The Good Life: The Right Action
1 Peter 3:8-17 portrays the good life as consisting of three elements: the right attitude, the right action, and the right reaction. What is the right action?
Peter answers by citing Psalm 34:12-14: “The one who desires life, to love and see good days, must keep his tongue from evil and his lips from speaking deceit. He must turn away from evil and do good; he must seek peace and pursue it.”
In this ancient Psalm, David gives a fourfold summary of the right action.
Control Your Tongue
Don’t allow it to blab evil or deceit. Controlling our tongues is a constant challenge. It begins by controlling our hearts. Jesus noted that false witness and slander come out of the heart (Matthew 15:19). He said, “For the mouth speaks out of that which fills the heart. The good man brings out of his good treasure that which is good; and the evil man brings out of his evil treasure what is evil” (Matthew 12:34b-35).
Turn Away from Evil
The devil would have us believe that the good life is found in sin’s pleasures. Not so. Sin is deceitful. The good life requires turning away from it. And turning away is more than not doing. It is closing our minds to it, choosing instead to dwell on what is true, honorable, right, pure, lovely, of good repute, excellent, and praiseworthy (Philippians 4:8). God’s word defines good and evil. Do not be deceived by confused men who call evil good and good evil (Isaiah 5:20).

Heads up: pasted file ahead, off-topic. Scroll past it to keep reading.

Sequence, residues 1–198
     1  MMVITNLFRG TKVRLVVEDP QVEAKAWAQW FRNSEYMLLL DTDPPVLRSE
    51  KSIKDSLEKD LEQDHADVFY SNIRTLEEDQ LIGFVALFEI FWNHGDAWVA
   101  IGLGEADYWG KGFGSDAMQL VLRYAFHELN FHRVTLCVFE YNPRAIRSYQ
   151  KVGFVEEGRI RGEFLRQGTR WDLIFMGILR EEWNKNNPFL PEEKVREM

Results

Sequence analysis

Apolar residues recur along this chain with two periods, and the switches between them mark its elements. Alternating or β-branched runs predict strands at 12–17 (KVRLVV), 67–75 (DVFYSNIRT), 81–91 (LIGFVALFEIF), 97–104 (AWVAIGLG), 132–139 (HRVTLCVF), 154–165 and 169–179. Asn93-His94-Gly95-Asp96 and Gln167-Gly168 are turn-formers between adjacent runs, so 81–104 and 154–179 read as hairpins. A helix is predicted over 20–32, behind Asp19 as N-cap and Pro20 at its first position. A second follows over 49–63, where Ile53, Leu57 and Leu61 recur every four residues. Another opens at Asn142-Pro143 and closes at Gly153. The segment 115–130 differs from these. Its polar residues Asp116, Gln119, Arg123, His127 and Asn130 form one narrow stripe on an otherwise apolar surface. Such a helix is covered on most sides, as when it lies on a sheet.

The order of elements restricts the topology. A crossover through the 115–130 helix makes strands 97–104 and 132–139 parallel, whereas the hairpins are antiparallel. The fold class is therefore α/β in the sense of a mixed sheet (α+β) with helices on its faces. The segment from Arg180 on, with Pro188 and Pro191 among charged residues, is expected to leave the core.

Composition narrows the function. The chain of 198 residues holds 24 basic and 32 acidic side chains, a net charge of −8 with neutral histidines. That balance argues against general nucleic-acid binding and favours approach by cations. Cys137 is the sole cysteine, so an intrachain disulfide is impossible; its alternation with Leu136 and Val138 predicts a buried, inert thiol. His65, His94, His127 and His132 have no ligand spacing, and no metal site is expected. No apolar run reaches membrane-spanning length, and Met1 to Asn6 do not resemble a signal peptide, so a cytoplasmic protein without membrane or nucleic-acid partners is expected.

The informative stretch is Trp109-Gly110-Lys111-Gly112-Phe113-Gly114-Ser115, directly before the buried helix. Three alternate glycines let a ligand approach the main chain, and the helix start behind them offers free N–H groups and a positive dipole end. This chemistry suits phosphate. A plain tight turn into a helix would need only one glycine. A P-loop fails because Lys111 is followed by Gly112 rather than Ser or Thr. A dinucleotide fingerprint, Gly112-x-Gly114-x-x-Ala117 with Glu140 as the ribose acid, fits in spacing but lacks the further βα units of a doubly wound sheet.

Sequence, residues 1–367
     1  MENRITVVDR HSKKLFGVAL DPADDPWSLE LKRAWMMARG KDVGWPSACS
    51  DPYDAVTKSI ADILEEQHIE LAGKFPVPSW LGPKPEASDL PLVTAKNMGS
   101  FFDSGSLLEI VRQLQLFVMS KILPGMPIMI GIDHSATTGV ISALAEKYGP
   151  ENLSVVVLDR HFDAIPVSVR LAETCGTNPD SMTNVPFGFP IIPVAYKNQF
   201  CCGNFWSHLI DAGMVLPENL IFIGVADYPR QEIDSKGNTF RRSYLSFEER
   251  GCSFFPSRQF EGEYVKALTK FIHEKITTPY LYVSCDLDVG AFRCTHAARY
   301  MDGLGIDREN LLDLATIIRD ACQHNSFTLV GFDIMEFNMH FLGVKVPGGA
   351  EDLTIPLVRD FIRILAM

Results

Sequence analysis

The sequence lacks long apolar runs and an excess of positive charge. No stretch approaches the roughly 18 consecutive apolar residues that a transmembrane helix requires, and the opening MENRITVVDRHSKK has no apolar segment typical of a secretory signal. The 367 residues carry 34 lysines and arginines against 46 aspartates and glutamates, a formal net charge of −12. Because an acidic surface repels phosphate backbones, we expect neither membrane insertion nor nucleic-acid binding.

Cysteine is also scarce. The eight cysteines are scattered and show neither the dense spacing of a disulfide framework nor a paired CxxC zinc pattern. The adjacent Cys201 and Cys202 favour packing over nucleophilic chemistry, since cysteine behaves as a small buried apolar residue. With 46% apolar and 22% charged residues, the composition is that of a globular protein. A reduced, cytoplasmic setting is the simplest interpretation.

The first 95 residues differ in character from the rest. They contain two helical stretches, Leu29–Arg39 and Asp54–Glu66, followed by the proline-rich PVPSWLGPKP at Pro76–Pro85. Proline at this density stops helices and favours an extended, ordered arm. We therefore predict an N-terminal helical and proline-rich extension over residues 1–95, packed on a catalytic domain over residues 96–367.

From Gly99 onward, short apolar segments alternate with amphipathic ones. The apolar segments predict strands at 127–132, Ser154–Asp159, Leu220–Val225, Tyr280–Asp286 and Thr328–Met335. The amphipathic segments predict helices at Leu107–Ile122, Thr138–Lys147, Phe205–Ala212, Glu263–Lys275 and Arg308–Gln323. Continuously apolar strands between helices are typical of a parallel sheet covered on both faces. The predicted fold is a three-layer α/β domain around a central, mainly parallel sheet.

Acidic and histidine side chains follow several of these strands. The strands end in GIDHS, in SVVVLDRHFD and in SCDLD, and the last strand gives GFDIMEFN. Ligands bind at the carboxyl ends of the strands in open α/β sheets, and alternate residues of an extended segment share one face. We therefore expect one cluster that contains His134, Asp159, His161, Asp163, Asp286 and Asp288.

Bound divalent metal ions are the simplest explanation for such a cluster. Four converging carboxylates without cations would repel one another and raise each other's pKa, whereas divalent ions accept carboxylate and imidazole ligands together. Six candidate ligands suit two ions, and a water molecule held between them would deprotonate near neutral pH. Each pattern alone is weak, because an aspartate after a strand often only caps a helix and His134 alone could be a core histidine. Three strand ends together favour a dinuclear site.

The good life is not merely one of abstinence; it requires positively doing good, as well. If we would get busier here, it would remove much of temptation’s opportunity to seduce us into wrong. “An idle mind is the devil’s workshop” is not a Bible proverb, yet it is nevertheless true! What good thing are you planning to do today?
Good living is more about relationships than things. “Better is a dry morsel and quietness with it than a house full of feasting with strife” (Proverbs 17:1). Peaceful relationships are not always possible since any relationship is a two-way street. But I must do what I can to make each one the best it can be. I need to behave as I should. I need to “hold up my end of the bargain.” I need to be patient. I need to be forgiving. I must be willing to repent when I have done wrong.
David went on to say that right living is not only the best approach, it also has God’s approval and therefore His active help. Are you living the good life?